Hydrogen trains could prove to be an effective answer to the problem presented by dirty diesel trains. Hydrogen has plenty of low carbon benefits. It can be produced using excess variable renewable power, it can play a role in the decarbonisation of road transport, rail transport, heating, and perhaps one day even aviation, it can be stored for long periods, and it can be integrated relatively easily into current refuelling models and infrastructure. There are lots of reasons to welcome the government’s interest in the technology. But if a Secretary of State is serious about realising these benefits and making hydrogen the future fuel of choice for much of the rail network then they need to provide a coherent, credible, and fast-tracked plan for delivering fuel cell powered trains and supporting green hydrogen production and distribution infrastructure. Because the failure to do so is to condemn the UK to a continued reliance on dirty, unreliable 20th century trains at a time when we are meant to be decarbonising key infrastructure as quickly as possible. If Grayling is unable or unwilling to produce such a plan, then he should have simply stuck with the existing plan to electrify the network.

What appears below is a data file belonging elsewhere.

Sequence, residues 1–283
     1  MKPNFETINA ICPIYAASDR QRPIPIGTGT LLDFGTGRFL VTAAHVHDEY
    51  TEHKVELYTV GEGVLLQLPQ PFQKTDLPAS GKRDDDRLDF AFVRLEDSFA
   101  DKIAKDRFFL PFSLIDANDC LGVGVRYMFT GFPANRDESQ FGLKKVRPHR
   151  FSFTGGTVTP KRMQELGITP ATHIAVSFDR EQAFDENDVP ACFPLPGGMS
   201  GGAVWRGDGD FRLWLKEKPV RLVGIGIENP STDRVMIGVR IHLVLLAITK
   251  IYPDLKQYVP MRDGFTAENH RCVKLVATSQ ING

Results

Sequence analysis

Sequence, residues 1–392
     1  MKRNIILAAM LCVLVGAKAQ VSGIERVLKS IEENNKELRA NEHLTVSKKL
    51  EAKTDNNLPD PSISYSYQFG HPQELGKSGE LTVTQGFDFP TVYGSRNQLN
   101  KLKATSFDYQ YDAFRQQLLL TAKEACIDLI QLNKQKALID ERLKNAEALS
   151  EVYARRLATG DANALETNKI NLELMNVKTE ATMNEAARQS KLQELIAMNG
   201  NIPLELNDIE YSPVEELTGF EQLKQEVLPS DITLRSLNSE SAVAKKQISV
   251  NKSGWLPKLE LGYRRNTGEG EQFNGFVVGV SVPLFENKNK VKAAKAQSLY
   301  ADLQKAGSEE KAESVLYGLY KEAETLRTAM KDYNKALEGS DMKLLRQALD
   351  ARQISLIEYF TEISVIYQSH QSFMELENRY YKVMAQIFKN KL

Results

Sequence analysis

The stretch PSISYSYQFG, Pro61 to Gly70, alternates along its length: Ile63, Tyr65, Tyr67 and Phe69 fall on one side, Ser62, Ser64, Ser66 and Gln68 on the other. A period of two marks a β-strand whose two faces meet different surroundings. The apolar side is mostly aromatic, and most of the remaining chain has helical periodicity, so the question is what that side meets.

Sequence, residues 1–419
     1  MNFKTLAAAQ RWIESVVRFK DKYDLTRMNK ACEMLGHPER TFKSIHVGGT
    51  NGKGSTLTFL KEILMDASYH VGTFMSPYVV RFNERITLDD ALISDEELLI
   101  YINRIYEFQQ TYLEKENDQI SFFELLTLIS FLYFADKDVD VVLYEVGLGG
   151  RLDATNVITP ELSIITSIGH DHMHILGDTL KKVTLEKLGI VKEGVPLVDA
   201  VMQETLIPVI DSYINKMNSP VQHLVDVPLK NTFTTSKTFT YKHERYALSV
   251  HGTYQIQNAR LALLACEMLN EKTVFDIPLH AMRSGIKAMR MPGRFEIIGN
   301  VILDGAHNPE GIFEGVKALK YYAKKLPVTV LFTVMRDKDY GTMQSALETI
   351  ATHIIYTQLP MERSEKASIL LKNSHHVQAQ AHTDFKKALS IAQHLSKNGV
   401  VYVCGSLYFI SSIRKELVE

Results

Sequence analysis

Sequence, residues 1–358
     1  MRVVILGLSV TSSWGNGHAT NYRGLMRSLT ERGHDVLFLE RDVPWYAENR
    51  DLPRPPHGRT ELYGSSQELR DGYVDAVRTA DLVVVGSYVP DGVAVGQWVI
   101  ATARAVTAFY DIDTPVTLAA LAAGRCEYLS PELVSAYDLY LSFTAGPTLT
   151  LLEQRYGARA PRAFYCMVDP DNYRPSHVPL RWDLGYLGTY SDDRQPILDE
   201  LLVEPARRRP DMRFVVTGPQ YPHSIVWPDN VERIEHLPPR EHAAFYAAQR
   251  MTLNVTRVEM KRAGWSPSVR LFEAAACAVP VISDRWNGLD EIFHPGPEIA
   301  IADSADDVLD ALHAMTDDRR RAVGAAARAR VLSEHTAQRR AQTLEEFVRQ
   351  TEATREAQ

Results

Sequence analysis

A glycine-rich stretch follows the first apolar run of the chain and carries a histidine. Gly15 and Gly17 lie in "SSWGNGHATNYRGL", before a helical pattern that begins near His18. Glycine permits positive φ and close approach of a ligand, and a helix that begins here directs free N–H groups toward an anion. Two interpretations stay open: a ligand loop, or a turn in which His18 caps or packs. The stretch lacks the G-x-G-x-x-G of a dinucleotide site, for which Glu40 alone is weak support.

Business Green 26th Jan 2018 read more »